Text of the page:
What links Jim Morrison, a three legged dog, and a 2002 turbo?
It is late summer, 2009. I’ve been the proud owner of Munich Legends for a matter of weeks, and as part of my world-conquering marketing strategy, I’d booked us into the Maresfield Village Fair. I’d never been, so I didn’t know what to expect, but I suppose I’d imagined there would be more than two elderly ladies and a three-legged dog. At least having no great expectations, it meant that by the time the heavens opened we were more relieved than disappointed at having to pack up early and head back to the showroom. I made the mistake of looking at the 2002 turbo we’d bought with us and remarking that I’d never driven one. Someone threw me the keys. ‘Fill your boots’ they smirked, as I slid into the driver’s seat, just as three of my colleagues jumped in with me. So, off we go, four up, in the pouring rain. ‘You might want to go easy, they’re a bit wild’ suggested Stuart – ‘and don’t forget it’s a dogleg’. Nobody wants to look a total wuss in these situations, but driving an ’02 turbo, left hand drive, dogleg box, massive turbo lag and starting pistol boost, in the pouring rain, four up – well, let’s just say things were pretty tight in the seating area. Nonetheless, I got busy, and right there began my ongoing love affair with ’02 turbos.
I’m going to throw you into a wave of regretful nostalgia by ending that first chapter by telling you that we ended up selling that particular car – which had been nut and bolt restored by the way – for less than twenty grand. Yes, I know, I should have. My wife reminds me often. But over the years I’ve watched them become rarer, more expensive, and to my eyes even more lovely.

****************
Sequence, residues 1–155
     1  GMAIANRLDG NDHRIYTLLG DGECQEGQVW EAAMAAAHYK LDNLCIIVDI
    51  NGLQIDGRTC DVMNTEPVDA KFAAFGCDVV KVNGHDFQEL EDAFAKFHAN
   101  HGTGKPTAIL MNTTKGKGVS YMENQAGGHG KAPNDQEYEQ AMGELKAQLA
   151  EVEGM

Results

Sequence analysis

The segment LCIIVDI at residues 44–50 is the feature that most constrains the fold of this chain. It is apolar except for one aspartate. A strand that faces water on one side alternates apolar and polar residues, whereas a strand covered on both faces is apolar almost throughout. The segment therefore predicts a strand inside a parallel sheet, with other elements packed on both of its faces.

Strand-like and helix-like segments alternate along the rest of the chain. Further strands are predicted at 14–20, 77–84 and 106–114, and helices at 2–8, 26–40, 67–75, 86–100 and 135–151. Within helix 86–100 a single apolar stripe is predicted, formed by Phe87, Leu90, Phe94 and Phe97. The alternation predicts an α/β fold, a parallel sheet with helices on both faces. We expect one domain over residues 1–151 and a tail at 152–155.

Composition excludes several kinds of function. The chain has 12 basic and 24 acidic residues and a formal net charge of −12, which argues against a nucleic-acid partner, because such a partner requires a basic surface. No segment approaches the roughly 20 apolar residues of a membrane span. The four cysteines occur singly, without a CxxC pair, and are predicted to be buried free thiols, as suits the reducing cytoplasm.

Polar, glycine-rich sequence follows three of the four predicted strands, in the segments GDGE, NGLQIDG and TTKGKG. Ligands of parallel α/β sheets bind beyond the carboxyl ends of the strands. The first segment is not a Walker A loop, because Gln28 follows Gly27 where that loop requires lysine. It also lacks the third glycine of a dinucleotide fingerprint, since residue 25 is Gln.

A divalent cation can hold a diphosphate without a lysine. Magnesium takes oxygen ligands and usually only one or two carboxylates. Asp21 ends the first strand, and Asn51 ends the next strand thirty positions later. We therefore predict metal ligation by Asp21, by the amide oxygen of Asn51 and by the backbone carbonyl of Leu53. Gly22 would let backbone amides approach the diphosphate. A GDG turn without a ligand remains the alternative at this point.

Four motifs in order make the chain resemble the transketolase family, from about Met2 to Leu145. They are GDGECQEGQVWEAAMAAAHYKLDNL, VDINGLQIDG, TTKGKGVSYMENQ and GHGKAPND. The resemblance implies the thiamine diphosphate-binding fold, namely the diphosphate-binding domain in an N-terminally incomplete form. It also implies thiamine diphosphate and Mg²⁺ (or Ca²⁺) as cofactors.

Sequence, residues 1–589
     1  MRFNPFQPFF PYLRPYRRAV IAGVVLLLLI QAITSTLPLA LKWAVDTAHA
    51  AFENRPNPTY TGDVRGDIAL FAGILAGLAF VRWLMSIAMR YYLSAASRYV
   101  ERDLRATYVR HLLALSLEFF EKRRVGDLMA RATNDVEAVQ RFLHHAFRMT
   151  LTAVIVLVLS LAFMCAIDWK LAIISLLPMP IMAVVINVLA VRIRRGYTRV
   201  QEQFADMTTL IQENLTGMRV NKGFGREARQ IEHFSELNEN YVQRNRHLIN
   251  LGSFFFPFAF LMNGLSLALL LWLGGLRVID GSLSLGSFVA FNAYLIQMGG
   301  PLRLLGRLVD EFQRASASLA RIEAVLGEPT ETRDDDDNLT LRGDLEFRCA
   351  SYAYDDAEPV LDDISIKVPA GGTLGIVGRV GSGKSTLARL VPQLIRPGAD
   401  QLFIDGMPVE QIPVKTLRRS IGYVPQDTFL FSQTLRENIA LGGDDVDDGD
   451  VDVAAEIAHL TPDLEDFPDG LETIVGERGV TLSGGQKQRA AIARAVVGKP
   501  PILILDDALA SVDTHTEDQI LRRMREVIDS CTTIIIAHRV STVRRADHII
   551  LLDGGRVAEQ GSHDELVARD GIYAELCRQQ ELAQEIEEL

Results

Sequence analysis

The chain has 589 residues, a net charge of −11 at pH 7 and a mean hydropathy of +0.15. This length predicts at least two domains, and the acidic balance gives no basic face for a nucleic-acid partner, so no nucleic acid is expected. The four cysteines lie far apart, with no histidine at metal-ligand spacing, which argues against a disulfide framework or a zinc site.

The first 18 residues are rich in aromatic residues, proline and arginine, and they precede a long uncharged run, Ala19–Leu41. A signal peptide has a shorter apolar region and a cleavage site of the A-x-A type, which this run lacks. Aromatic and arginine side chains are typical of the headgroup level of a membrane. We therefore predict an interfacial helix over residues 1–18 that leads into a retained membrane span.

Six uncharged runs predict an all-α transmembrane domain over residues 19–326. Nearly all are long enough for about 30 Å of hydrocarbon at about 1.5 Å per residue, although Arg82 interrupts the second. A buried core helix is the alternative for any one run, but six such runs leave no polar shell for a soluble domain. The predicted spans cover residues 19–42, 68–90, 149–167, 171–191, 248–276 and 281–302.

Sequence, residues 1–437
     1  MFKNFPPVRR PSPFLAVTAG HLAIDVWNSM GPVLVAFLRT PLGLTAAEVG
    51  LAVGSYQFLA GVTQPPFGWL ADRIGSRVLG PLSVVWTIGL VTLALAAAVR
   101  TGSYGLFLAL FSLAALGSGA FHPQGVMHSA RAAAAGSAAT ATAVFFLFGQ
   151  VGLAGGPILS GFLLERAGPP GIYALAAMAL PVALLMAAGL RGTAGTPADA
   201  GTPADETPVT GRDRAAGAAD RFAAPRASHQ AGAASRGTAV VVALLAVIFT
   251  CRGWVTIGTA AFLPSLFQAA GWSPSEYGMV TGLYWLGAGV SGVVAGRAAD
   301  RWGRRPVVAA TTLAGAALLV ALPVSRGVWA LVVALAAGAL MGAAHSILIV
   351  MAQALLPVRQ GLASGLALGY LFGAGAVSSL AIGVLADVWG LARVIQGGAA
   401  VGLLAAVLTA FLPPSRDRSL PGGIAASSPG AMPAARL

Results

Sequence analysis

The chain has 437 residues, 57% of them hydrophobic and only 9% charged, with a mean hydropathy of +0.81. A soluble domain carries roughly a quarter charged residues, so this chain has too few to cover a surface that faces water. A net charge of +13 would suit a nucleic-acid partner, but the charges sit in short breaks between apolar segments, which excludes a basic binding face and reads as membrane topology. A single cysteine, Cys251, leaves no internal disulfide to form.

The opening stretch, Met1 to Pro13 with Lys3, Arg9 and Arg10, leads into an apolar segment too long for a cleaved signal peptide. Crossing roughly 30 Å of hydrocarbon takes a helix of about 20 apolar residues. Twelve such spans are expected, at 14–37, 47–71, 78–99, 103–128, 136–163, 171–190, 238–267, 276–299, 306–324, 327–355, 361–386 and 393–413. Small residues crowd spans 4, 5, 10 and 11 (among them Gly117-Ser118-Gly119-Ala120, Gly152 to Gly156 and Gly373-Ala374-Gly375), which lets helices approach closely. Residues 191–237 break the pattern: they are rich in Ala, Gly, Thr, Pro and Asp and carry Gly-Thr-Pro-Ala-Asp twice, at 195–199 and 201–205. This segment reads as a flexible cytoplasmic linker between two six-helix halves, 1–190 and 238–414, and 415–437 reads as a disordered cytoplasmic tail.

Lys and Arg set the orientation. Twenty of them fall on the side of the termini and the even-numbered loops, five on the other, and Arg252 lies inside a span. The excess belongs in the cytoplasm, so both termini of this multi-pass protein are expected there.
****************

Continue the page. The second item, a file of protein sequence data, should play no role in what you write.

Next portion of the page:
2002 turbos come from a very special place. Back in the day, BMW had only just set up the Motorsport division, and the ‘02 turbo was basically the first M car, just without the famous letter. As a statement of intent, it was fabulously showy – that reverse ‘obrut’ decal on the front spoiler designed purely to intimidate the car in front into moving aside, the flashy tri-colour stripes and, of course, that magic badge – turbo. Remember, this is nearly a decade away from Renault’s brilliant 5 turbo, way before it became every boy’s dream five letters. And well before it became something that just made a diesel engine palatable. The ‘02 was in fact Europe’s first production turbo-powered car, and what an impact it made. Production was limited to 1672 – they say due to the oil crisis, but that’s probably a smoke screen for the fact that very few people understood what it was, what it meant or what on earth BMW thought they were doing with the price tag.
But for the few drivers that knew, the ‘02 turbo was a game changer. Early turbos always feel faster than they are. Your brain ignores the lag, which in fact can be up to ten minutes, instead focussing on the dopamine rush-like feel of the turbo catapulting you towards the horizon, the boost gauge, with its simplistic whoosh symbol flicking upwards just out of the corner of your eye. It is immediately addictive, and I dare anyone to drive an ‘02 turbo up the mile straight outside Munich Legends and not burst out laughing at the sheer lunacy of the thing.